Ex­pe­rian to buy far smaller ri­val

The credit re­port gi­ant is to pay $207.5 mil­lion for Mighty Net of Cal­abasas.

Los Angeles Times - - Business - E. Scott Reckard scott.reckard@latimes.com

Credit re­port gi­ant Ex­pe­rian is ac­quir­ing Cal­abasas­based Mighty Net Inc., a far smaller ri­val in the busi­ness of sell­ing con­sumers in­for­ma­tion about their files at the three large credit track­ers — Tran­sUnion, Equifax and Ex­pe­rian it­self.

Ex­pe­rian, which is based in Dublin, Ire­land, is pay­ing $207.5 mil­lion for Mighty Net, ac­cord­ing to an Ex­pe­rian state­ment.

Mighty Net charges about $15 a month to al­low con­sumers to con­tin­u­ously monitor their files and credit scores. The com­pany op­er­ates three web­sites: Cred­itRe­port.com, Cred­itScore .com and MyCred­itS­core .com.

Mighty Net, founded in 1996, has about 680,000 U.S. sub­scribers, ac­cord­ing to the state­ment. Ex­pe­rian, which of­fers some sim­i­lar ser­vices, said it ex­pected to im­prove the re­ten­tion rate of Mighty Net cus­tomers and to sell them ad­di­tional prod­ucts, such as mon­i­tor­ing the In­ter­net for pos­si­ble use of stolen fi­nan­cial in­for­ma­tion.

Ex­pe­rian said “sig­nif­i­cant cost syn­er­gies in the ar­eas of technology, in­fra­struc­ture and back-of­fice func­tions” would en­able it to re­duce Mighty Net’s ex­penses by more than $5 mil­lion a year by 2013.

An Ex­pe­rian spokesper­son said there were no im­me­di­ate plans to re­duce Mighty Net’s work­force.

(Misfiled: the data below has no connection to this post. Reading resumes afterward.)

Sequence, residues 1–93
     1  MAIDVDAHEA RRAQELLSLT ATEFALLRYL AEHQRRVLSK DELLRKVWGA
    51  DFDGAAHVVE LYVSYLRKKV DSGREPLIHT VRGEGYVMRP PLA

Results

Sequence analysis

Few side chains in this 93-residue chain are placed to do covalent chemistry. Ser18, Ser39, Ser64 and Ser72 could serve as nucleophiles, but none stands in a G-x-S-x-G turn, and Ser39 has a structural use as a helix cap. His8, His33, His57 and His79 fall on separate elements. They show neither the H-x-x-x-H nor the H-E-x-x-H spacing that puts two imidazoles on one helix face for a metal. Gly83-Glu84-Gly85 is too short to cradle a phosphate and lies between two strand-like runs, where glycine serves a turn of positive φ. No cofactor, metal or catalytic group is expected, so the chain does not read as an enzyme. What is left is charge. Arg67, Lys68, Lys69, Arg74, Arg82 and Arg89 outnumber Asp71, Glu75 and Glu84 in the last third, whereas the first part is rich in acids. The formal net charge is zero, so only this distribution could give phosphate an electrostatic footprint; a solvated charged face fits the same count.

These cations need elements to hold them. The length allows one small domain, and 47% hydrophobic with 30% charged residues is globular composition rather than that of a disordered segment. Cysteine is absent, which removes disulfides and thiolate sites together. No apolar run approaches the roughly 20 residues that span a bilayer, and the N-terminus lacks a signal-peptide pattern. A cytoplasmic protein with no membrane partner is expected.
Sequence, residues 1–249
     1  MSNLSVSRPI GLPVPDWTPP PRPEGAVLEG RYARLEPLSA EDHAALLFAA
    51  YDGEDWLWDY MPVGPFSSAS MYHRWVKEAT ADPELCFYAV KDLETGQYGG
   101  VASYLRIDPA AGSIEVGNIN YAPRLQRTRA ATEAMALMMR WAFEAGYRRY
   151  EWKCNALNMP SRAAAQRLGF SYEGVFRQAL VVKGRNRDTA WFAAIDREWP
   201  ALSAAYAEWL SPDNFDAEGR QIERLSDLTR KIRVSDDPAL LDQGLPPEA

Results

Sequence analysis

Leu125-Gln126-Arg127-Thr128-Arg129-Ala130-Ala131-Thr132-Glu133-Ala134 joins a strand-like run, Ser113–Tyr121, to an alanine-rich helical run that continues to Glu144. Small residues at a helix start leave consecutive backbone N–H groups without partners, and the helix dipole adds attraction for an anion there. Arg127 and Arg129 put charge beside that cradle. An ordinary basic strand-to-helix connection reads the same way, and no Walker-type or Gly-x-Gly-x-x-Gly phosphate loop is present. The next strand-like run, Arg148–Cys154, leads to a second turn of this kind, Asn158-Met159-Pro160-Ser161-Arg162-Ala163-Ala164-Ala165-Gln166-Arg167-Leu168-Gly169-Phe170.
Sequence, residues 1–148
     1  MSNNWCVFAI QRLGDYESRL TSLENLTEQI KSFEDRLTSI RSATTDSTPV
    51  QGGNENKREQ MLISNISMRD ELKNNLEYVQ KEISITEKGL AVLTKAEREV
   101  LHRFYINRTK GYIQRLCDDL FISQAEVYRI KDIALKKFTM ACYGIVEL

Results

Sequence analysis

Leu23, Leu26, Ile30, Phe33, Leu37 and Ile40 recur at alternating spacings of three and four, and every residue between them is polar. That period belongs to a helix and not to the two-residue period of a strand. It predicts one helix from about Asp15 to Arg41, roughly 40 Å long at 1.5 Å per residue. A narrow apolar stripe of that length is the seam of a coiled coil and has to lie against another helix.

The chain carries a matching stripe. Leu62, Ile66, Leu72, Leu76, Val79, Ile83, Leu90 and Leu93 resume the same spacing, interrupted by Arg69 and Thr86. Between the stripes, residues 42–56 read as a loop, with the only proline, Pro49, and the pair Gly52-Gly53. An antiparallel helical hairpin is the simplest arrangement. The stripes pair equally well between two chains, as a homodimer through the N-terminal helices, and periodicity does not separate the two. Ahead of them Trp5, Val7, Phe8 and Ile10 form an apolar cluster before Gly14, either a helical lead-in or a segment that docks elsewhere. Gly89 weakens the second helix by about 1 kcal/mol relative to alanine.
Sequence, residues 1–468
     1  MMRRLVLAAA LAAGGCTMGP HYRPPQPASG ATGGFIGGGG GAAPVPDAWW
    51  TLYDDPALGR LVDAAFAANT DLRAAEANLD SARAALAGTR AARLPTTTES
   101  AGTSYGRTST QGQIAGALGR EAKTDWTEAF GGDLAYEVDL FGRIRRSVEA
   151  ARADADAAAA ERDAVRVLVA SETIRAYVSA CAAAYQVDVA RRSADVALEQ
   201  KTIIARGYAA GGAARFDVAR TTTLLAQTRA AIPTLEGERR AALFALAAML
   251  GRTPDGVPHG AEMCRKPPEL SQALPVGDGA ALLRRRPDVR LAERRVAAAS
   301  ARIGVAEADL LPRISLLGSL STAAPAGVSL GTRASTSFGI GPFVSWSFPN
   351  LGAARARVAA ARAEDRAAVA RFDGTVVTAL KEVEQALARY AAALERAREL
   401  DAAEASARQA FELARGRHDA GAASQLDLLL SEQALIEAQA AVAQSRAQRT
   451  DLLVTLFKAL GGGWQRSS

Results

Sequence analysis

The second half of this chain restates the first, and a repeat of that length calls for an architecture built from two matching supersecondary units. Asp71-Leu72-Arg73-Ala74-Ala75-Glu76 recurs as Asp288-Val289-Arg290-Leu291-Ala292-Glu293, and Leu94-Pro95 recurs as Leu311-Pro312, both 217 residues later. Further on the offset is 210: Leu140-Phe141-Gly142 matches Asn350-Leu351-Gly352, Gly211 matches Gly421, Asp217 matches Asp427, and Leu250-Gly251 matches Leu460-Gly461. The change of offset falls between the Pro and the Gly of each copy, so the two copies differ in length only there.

Carter Mal­loy, an in­for­ma­tion technology an­a­lyst at Stephens Inc., es­ti­mated that Ex­pe­rian has about 33% of the U.S. con­sumer credit mon­i­tor­ing and fraud pro­tec­tion mar­ket com­pared with Mighty Net’s 5%. It’s roughly a $2-bil­lion-a-year busi­ness over­all, with lots of growth po­ten­tial, he said. Mal­loy called Mighty Net a “very at­trac­tive” tar­get for Ex­pe­rian.

Some con­sumer ad­vo­cates ad­vise con­sumers not to spend money on credit mon­i­tor­ing, since any­one can ob­tain a free credit re­port an­nu­ally from each of the credit re­port com­pa­nies.

Also, Cal­i­for­nia re­quires com­pa­nies to pro­vide free credit mon­i­tor­ing to cus­tomers af­fected by data breaches, said Rainey Reit­man, a spokes­woman for the non­profit Pri­vacy Rights Clear­ing­house in San Diego.

“We don’t think con­sumers should have to pay cor­po­ra­tions to pro­tect their iden­ti­ties,” Reit­man said. “Be­sides, these ser­vices don’t pre­vent iden­tity theft — they just alert you af­ter the fact — and a lot of peo­ple mis­tak­enly think they do.”

But Mal­loy said credit mon­i­tor­ing ser­vices can be valu­able for peo­ple who are about to make a ma­jor pur­chase on credit, ap­ply for busi­ness fi­nanc­ing or seek work, since many em­ploy­ers use credit checks to screen work­ers.

Mighty Net, which is pri­vately owned, had 2009 rev­enue of $115 mil­lion and earn­ings be­fore in­ter­est and tax of $28 mil­lion, Ex­pe­rian said in its state­ment.

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